The bilingual blog Straight outta Suburbia / Saliendo de las Afueras is not just an interesting read on Los Angeles issues, but it’s also a good way to practice your Spanish comprehension while reading interesting things. Each post appears in both languages, so you can check the English to see if you understood the Spanish correctly. (And vice versa.)
Los Angeles is one of the most Hispanic cities in the country, with 48% of residents self-identifying that way in the 2006-08 ACS, but when it comes to correctly pronouncing Spanish place names, Metro’s in danger of failing Spanish 1.
Take the San Pedro station on the Blue Line. In Spanish “e” makes the sound of “a” in the word “pay” or think the Fonz says “¡e!”. So the correct pronunciation is “sahn PAY-dro” (Saint Peter). Metro’s electronic voice pronounces it incorrectly as “sahn PEE-dro”.
On the other end of the Gold Line there’s the Sierra Madre Villa station. Metro does okay with this except for the last word. In Spanish two “l”s together make the sound of a “y” so the correct pronunciation is “VEE-ya” not “VIL-a”.
I disagree. In pronouncing Spanish-derived placenames in the common American English way when making announcements in English, Metro isn’t being either racist or ignorant. These pronunciations are part of American English, and I can’t see any basis for calling them objectively wrong. In the last example, the word “villa,” with the “ll” fully pronounced in the English way, is an established English word. It’s not wrong to pronounce it that way when speaking English even if you know that the word’s origin is Spanish.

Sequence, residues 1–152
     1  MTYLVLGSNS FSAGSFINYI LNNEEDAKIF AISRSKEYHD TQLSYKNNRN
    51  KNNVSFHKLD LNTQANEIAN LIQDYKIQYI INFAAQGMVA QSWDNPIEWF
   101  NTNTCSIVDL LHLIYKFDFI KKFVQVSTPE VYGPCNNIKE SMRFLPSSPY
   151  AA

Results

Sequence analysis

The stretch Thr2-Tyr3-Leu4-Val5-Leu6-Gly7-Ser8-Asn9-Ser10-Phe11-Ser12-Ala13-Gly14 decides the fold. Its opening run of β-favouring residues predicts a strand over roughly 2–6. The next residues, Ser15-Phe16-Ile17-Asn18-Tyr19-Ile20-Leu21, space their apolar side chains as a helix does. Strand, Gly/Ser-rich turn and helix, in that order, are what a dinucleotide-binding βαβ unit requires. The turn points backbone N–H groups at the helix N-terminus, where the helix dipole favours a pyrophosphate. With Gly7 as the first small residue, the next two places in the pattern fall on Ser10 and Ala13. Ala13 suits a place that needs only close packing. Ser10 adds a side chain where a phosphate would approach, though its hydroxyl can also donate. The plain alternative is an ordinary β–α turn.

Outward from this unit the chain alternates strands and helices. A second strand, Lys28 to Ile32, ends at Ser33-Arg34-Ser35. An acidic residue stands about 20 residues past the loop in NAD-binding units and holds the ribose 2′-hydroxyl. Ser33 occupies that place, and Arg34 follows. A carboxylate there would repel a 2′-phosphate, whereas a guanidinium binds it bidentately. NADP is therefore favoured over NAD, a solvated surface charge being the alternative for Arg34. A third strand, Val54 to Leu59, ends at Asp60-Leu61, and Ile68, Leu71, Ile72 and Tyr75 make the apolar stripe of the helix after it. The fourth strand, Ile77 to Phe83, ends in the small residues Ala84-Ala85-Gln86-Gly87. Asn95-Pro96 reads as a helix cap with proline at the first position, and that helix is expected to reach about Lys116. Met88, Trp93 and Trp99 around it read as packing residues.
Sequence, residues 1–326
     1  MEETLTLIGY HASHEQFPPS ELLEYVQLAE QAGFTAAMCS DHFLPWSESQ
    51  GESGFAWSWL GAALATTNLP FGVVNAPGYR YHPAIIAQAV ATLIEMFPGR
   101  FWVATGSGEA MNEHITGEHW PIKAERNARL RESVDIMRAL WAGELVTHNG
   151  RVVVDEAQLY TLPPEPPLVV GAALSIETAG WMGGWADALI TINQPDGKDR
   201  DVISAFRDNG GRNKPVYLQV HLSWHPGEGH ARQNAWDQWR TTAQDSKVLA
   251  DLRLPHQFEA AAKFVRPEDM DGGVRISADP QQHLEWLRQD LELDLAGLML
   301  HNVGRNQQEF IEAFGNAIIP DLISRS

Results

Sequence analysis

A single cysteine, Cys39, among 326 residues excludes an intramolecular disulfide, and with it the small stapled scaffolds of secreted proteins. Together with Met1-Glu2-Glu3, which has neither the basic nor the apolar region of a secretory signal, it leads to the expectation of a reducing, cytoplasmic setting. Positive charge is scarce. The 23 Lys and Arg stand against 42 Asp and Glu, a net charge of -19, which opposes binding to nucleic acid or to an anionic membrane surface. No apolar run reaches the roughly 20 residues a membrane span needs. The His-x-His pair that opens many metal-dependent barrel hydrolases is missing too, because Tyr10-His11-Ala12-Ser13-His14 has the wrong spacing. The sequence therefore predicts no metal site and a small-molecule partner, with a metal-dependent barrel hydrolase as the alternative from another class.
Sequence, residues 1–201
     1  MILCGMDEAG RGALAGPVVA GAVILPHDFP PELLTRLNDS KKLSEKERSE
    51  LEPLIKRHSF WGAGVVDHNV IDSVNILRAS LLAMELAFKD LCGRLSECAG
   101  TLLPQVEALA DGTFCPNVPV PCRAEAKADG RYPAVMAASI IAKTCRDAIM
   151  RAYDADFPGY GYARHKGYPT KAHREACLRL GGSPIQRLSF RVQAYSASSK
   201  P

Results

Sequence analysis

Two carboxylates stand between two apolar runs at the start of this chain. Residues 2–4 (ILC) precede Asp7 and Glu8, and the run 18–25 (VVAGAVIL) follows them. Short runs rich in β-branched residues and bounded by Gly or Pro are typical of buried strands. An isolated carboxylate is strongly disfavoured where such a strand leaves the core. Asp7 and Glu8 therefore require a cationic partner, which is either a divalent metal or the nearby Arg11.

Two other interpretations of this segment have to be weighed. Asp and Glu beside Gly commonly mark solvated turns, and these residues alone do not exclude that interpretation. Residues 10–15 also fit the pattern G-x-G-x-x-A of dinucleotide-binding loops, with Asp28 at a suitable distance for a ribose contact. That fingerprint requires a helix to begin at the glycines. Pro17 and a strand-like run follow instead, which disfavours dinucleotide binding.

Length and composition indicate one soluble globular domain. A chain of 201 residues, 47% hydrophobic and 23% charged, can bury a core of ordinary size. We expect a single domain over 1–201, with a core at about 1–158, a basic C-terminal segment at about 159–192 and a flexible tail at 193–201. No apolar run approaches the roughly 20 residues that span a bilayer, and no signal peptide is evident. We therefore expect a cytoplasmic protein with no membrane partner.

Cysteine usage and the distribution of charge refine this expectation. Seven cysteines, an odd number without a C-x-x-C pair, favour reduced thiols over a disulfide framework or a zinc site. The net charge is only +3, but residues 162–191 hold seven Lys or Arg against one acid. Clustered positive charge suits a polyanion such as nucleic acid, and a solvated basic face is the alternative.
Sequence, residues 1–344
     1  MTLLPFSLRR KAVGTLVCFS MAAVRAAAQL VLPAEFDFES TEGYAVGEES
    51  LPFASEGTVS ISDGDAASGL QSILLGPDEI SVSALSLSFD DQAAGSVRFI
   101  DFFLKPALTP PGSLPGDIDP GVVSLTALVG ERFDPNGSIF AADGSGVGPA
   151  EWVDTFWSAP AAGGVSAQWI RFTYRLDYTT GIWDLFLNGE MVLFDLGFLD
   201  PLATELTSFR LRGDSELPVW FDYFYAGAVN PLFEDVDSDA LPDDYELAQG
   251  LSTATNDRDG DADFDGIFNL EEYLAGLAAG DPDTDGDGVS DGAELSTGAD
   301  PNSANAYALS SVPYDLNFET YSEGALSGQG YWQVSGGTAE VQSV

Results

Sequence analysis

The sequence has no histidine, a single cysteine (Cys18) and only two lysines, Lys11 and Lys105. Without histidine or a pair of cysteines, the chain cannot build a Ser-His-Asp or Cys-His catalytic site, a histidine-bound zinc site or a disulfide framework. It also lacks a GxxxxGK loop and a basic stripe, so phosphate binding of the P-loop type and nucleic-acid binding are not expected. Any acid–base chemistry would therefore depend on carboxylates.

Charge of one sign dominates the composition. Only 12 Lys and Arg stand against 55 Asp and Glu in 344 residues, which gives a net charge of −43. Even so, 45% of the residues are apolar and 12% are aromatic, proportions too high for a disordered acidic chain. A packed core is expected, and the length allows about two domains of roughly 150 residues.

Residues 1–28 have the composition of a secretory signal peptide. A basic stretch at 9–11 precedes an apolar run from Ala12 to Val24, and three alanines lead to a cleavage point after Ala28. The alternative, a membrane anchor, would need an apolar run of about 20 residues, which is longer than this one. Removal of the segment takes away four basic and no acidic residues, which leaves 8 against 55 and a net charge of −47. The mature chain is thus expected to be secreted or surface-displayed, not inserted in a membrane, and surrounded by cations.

The name “Los Angeles” is one of the best examples. When have you heard anyone speaking English pronounce that name as it is in Spanish, with the “g” reduced almost to nothing and all four vowels at their full Spanish shape (roughly lohs-AHN-hay-lays)? The first purpose of language is to communicate, and if you put the full Spanish pronunciation of “Los Angeles” in the middle of an English sentence addressed to someone who doesn’t speak Spanish, they might not know what you were referring to.
On the other hand, these pronunciations shift over time. I’ve seen them shift back toward the Spanish original. San Francisco’s streetname “Valencia” seems to be widely pronounced as four syllables, as it is in Spanish. But this is recent. Leftist, nonracist Anglo San Franciscans in their 60s and 70s have corrected me when I say it that way. The Anglicized name as they learned it has three syllables: “Vah-len-sha.”
I also appreciate that for people who are bilingual, saying a Spanish name in an English way feels wrong, and correctly pronouncing a foreign name on the terms of its own language, even when speaking English, can be perceived as an expression of respect. We each find our own way. With “San Pedro” for example, I usually use the Spanish pronunciation unless I’m talking to someone who will find this pretentious, such as a 60-year-old black bus operations manager who’s been saying “San Peedro” all his life. I do my part to shift the pronunciation, but not to the degree that will defeat the purpose of communication.
This doesn’t have to be an issue of racial or ethnic tension. In Europe, each language has its own names for cities in other countries. In German the capital of Austria is called Wien, but in English the name is Vienna. The English name clearly grew out of the German name, but this happened long ago and now the names are different. Even Germans use the English name when speaking English. It’s just not an issue.